North Carolina’s State Board of Education will hear Tuesday from consultants at Ernst & Young on the results of a controversial audit ordered by the Republican-controlled state legislature last year.
No copy of the report was available at press time Monday afternoon, but it comes amid lingering tension between the public school agency and the General Assembly, which has handed down more than $22 million in cuts since 2009.
State Superintendent Mark Johnson, a Republican, backed the performance review, which called upon the consultant to seek out unnecessary or “ineffective” programs and services, evaluate jobs within the department that are “duplicative” and lay out measurable goals, roles and responsibilities for the central office administration.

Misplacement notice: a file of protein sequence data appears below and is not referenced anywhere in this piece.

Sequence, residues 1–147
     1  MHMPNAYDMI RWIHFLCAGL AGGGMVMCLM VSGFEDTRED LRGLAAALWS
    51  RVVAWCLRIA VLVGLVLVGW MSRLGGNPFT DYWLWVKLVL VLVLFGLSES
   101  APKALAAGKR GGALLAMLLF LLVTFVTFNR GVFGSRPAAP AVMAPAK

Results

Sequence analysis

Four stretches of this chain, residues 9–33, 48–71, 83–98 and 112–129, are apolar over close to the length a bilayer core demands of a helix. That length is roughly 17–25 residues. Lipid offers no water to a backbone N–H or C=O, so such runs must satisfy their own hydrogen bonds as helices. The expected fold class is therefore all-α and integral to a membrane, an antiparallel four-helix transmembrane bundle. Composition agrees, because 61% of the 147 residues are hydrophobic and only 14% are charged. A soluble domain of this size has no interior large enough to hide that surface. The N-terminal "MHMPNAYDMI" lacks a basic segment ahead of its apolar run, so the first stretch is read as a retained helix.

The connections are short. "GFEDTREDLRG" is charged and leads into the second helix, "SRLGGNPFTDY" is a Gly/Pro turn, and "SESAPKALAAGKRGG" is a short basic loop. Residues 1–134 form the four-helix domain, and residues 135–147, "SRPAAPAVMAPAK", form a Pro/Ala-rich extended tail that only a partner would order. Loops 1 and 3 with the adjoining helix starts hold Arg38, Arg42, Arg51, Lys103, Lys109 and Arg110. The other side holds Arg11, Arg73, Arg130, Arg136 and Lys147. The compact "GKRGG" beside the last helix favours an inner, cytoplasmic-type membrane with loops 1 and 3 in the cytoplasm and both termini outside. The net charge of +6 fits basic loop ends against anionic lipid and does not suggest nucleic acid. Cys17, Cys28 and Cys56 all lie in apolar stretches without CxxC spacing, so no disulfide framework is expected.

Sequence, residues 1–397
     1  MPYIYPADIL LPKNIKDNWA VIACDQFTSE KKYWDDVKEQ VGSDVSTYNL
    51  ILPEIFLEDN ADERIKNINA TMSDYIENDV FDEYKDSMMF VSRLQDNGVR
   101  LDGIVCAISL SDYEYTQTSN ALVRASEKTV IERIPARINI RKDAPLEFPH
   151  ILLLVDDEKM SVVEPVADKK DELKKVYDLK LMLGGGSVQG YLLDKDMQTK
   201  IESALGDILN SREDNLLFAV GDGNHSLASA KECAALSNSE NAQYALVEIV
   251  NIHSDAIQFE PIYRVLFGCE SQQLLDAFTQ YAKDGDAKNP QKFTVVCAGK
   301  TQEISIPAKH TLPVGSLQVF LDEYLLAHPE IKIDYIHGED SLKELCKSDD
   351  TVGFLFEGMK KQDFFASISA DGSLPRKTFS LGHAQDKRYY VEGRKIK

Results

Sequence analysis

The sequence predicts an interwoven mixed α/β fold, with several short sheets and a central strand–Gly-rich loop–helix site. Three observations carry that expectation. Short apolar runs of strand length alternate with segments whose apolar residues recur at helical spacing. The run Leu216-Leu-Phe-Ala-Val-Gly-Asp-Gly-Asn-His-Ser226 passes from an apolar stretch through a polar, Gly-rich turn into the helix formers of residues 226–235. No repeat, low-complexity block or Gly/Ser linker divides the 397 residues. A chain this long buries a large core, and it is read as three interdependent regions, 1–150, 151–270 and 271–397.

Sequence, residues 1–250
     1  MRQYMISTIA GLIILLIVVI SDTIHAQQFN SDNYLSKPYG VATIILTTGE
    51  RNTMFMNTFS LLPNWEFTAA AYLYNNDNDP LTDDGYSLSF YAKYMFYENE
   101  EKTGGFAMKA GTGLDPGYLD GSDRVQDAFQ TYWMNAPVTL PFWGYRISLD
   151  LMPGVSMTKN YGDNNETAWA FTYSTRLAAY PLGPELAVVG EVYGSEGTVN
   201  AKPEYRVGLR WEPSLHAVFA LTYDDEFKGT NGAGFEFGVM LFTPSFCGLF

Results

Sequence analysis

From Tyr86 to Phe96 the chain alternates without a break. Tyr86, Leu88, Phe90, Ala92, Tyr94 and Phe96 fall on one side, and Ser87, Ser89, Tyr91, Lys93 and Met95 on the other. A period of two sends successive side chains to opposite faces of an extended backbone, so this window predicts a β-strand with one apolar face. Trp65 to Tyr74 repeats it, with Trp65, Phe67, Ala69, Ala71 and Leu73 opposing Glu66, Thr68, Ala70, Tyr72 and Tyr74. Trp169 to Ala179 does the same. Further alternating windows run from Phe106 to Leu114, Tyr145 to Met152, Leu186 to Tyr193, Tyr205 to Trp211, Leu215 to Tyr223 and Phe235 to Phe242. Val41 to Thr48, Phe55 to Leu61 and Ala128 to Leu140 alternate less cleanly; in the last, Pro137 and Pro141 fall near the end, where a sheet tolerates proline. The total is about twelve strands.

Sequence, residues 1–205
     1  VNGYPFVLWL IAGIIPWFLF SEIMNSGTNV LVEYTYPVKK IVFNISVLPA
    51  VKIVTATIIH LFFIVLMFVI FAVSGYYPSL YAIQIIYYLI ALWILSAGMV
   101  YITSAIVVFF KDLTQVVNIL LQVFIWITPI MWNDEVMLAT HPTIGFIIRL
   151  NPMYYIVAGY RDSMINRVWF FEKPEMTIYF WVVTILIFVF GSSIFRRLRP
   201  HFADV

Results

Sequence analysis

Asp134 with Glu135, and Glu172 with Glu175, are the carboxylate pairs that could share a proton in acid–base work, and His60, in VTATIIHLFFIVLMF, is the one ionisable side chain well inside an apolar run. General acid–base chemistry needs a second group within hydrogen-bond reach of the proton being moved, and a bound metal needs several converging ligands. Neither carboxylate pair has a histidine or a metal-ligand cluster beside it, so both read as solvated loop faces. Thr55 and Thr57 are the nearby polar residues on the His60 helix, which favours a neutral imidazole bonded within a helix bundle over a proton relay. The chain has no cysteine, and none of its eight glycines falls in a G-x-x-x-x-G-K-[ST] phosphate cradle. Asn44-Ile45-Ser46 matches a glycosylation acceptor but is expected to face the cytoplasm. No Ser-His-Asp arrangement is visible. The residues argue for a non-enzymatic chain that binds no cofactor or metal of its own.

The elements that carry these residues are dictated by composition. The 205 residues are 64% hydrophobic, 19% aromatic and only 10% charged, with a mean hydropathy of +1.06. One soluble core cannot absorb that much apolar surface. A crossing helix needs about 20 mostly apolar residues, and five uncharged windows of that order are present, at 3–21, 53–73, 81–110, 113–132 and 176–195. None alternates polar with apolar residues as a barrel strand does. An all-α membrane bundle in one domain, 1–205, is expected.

Lawmakers also budgeted in $1 million in DPI cuts next year as a result of the audit, a move that led some to suggest the legislature made up its mind about the agency’s inefficiency before any review was conducted.
Yet state board members have been openly critical of both the legislature and the audit, suggesting that the deep cuts sustained by DPI since 2009 have seriously eroded the state’s ability to perform.
The agency provides support and advice for schools across the state, as well as intervention in some low-performing schools and districts. Board Chairman Bill Cobey has said DPI is most needed in North Carolina’s poorest districts, which don’t have the local resources to provide the kind of professional development and support offered by DPI.
Tuesday’s board meeting will also include a separate review of performance in the state’s school transformation efforts led by researchers at Vanderbilt University. Look for Policy Watch coverage this week.